Lastly in the Education channel, the topic of sex education. When I was at school it involved a few oddly colorful wall charts and an embarrassed male teacher that would mumble the word “vagina” and tremble slightly whenever the term came up. Still I was grateful for the frank and honest approach. Not everyone appreciates such instruction, however. Ann Bibby brings us the news that angry parents in Ontario have forced the government to back away from comprehensive sex ed in the province’s public schools. Ann examines the case and tells us why schools, not parents, should teach kids about sex.
Next let’s go to our Civil Rights channel. Now, perennial high school student Archie has spent decades trying to decide between Betty and Veronica. Some things never change in Riverdale. But some things do. There’s a new kid in town. His name’s Kevin, and in a bid to be current and inclusive, the creators of Archie Comics have decided to make him gay. Blogger Ann Pietrangelo has the news, views, the right-wing hand wringing and her own take on this in her post “Archie, Betty, Veronica… and Kevin: The New Kid in School is Gay.”
Last up from Civil Rights, one of my small contributions. This week, the U.S. Supreme Court began hearing arguments in a case that asks the fundamental question of whether, when a citizen signs a petition to place an initiative on the ballot, is his or her privacy protected by the First Amendment as political speech, and if so, should aspects of Washington’s public disclosure law allowing for the release of petitioners’ identities be struck down? I have a quick overview of the case for you and information about the conservative groups and gay rights advocates that are involved. Check it out here.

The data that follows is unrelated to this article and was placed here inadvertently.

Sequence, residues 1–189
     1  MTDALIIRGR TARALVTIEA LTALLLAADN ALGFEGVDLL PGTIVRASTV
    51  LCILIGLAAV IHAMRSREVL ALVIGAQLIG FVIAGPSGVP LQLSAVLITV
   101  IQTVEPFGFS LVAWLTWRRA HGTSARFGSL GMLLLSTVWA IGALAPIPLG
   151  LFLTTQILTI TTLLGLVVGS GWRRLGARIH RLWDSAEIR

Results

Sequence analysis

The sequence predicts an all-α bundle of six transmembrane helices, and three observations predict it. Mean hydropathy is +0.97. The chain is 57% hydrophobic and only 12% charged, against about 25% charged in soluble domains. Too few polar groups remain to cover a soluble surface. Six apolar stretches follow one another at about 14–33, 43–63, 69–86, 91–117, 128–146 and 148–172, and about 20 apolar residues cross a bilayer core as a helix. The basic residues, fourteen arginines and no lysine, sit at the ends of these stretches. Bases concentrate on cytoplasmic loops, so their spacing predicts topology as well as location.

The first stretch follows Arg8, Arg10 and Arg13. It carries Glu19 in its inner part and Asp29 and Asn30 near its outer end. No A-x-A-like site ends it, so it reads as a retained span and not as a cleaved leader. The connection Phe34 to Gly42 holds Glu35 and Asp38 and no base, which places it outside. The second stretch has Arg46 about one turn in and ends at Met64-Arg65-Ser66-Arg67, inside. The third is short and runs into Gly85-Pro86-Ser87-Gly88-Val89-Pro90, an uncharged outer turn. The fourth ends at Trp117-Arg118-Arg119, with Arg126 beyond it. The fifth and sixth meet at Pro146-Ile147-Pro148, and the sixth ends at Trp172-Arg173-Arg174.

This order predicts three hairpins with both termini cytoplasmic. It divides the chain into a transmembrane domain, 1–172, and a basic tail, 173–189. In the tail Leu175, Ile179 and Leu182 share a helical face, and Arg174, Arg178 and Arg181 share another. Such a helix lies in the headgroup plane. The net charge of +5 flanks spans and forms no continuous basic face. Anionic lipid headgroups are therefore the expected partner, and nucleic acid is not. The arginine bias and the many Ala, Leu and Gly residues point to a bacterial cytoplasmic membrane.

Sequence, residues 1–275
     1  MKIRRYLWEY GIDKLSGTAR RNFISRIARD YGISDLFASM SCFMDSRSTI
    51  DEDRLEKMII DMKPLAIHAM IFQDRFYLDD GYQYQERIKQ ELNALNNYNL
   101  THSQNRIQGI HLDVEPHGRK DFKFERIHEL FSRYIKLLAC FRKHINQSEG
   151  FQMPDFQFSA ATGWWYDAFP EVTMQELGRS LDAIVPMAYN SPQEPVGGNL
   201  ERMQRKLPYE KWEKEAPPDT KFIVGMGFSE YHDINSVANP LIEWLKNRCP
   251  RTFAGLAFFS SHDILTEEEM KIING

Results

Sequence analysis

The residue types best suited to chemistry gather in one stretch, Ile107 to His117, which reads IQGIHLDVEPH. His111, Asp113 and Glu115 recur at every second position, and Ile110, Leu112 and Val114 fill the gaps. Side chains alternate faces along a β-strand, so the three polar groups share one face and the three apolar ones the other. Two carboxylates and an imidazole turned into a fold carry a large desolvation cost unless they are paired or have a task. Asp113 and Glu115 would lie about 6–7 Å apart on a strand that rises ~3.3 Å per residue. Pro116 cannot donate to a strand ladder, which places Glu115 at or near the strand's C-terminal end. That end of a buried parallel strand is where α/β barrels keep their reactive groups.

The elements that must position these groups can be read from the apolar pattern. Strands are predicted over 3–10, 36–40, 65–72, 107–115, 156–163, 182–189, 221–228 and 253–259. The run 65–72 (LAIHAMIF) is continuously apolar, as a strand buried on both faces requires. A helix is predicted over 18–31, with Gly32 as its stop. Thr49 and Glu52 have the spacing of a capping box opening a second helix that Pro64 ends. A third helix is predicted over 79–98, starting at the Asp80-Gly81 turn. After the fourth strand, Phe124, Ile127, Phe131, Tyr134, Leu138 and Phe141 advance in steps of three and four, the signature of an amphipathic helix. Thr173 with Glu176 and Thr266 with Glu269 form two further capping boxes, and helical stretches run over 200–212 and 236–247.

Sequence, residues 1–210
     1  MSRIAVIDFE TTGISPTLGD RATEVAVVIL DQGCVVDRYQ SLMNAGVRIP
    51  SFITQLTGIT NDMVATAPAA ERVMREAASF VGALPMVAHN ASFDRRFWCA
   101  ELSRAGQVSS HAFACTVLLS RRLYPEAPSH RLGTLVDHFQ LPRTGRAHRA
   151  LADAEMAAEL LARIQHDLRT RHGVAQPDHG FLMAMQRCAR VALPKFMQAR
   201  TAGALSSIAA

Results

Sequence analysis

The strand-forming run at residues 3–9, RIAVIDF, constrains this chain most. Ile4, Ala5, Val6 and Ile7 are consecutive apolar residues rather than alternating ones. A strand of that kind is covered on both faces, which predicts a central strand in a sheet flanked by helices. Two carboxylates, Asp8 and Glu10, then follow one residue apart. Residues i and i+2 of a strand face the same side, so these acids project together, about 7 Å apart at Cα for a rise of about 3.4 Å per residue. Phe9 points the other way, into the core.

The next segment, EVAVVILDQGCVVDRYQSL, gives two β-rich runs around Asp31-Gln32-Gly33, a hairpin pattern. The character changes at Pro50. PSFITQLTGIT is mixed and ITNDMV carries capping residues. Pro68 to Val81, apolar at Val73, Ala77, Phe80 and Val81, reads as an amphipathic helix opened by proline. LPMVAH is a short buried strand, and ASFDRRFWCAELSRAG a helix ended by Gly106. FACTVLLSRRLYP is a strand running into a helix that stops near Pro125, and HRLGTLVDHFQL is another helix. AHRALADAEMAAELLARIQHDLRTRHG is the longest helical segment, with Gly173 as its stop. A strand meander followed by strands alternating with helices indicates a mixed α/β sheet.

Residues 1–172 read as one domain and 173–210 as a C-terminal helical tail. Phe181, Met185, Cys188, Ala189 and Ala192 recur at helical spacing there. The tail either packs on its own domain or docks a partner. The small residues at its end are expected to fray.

Turning our attention to Care2′s Human Rights channel, M.I.A. has a message for you: genocide, violence and oppression are alive and kicking. The controversial and outspoken music star has a new music video out that she’s using to make this very point, and it’s been done in such a provocative way that that the video has now been pulled by YouTube. Find out more about the video by reading Natasha G.’s post now.
Over in our Health Policy channel, Emily Logan brings us a post on the importance of World Malaria Day. Malaria kills nearly 3,000 children a day and 1 million people per year, mostly in Africa. About 150,000 more mosquito nets are needed in order to achieve universal coverage. Find out how you can help today.
Lastly, did you know that April was National Child Abuse Awareness Month? By dedicating the month of April to this cause, campaign groups aim to raise public awareness so as to prevent child abuse and neglect and to encourage individuals and communities to take action to support children and families. But, as Kristina Chew writes in her emotive but sensitive post, child abuse happens every day, so staying informed is absolutely vital no matter what month it is. Learn more here.
And there you have it! Another week at Care2 and plenty of posts for you to enjoy and digest. Hope you have a great weekend, and thanks for making Care2 such a powerful vehicle of change and hope.